No. 16- "¿Adocenarte? ¿¡Tú...del montón!? ¡Si has nacido para caudillo! Entre nosotros no caben los tibios. Humíllate y Cristo te volverá a encender con fuegos de Amor?"

If one is looking for the genius of Opus Dei in its founder's spiritual writings, the quest is frustrating. They seem unexceptional, and even platitudinous. Could it be then that the importance of the movement rests elsewhere? Jean Saunier emphasizes the date when Camino was published (1939), because the book echos in his judgement the rhetoric of the Franco's crusade. As an example he singles out the way the word caudillo is used, recalling Franco's theory of caudillaje. Ironically, Opus Dei has a similarity with the Freemasonry, and Franco had a violent dislike against such secret societies.

Another theme of Escrivá´s book, at least for some readers, is the virtue of "elitism", which is one of the attributes most attributed to Opus Dei. Joseph Dalmau in Contrapuntos al 'camino' del Opus Dei insists about Camino, "It is a political book ...the same ideology that is the vertebra of the dominant class in the western society; the bourgeoisie, as is vulgarly called." Dalmau argues that Camino does not includes any thought for the poor, or any consideration for their situation. There is no space in the Opus Dei world for those with leftish ideas. Further, the suggestion is that Opus Dei actively seeks to promote its members into high office. Yvon Vaillant in Sainte Maffia, claims that the organization is one of the most effective political instrumentss in contemporary history.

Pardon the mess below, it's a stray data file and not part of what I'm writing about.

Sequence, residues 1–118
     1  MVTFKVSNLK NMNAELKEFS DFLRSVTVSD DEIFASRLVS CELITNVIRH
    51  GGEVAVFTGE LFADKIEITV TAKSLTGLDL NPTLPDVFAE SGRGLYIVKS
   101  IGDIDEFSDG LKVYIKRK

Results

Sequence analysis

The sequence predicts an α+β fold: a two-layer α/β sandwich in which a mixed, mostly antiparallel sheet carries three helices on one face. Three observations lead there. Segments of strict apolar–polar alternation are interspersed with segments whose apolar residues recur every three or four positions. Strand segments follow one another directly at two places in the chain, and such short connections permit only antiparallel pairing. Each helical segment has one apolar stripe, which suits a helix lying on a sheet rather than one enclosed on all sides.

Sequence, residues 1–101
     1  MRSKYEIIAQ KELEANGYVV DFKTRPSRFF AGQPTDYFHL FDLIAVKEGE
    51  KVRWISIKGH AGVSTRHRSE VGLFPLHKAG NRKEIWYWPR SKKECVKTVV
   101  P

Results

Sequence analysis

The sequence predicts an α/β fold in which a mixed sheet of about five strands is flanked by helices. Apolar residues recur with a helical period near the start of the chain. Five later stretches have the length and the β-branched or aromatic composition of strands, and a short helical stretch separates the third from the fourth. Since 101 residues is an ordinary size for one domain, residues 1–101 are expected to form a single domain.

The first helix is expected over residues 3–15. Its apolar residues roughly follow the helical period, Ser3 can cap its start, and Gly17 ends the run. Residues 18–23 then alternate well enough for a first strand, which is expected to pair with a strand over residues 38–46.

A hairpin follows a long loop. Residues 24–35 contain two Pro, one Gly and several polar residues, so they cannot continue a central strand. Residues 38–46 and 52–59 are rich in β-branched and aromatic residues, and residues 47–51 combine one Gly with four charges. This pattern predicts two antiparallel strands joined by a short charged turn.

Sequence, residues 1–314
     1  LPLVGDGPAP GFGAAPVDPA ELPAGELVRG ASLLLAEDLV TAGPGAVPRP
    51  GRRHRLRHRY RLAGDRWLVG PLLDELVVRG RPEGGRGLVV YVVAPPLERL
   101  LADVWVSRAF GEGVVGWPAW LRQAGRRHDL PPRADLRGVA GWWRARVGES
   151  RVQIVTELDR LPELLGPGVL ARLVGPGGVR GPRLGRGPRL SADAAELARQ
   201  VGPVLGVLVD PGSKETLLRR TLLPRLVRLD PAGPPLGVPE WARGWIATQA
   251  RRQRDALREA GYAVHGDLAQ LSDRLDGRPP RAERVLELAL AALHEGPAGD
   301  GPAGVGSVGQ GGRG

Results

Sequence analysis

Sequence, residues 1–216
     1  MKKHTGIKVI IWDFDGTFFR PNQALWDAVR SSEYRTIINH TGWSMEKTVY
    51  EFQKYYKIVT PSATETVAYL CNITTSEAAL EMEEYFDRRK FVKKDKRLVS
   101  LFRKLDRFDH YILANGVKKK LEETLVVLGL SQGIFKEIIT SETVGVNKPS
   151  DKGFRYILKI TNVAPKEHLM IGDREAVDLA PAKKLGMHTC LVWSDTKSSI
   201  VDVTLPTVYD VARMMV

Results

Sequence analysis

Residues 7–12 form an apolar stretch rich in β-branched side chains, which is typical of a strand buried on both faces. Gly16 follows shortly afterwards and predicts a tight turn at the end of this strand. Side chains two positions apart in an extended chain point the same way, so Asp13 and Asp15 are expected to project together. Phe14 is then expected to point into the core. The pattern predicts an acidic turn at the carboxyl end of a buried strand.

Secrecy or Obscurity?

Opus Dei requires from those joining a solemn declaration of loyalty in addition to the obligations that are required from a communicant Catholic, required according to its statutes in response to a "divine vocation": "...the term 'agreement' or 'contract' by itself cannot express all the ecclesiological meaning of that 'formal declaration', which Opus Dei's founder from the early days used to call a 'commitment of love and service'. This obligation of obedience seems to be interpreted to include not just discretion but a silence about the organization's affairs which has fostered its image of secrecy, a secrecy which contributes to the comparisons made between it and Freemasonry.

A dividing line between secrecy and discretion is hard to fix. Opus Dei is certainly discrete. At least some of its buildings have vaults in the floor for burning papers, with bottles of gasoline kept to facilitate destruction of papers; a code book sent out from Rome is used to encrypt critical communications. Due to its cultivation of obscurity, Opus Dei has been described derisively as the the church inside the Church, nueva heregía (the new heretic group), and the Holy Mafia.. Norberto Bobbio in an article published in the Mexican magazine Nexos discusses the speculations about Opus Dei and quotes the Italian socialist scholar Craxi: "It's enough to look around, ...they are everywhere. I have the desired to say that: they [Opus Dei] are the real power, not the political parties."

Bobbio compares Opus Dei with the Masons. While acknowledging that Opus Dei and the Freemasons are very different, he concludes that they have surprisingly many features in common. They are both have a reputation for clandestine activities. They do not permit non-members to attend their meetings. They shun publicity about many of their activities. In Franco's Spain, Opus Dei was accused of being a "Jewish sect with links with the Freemasons".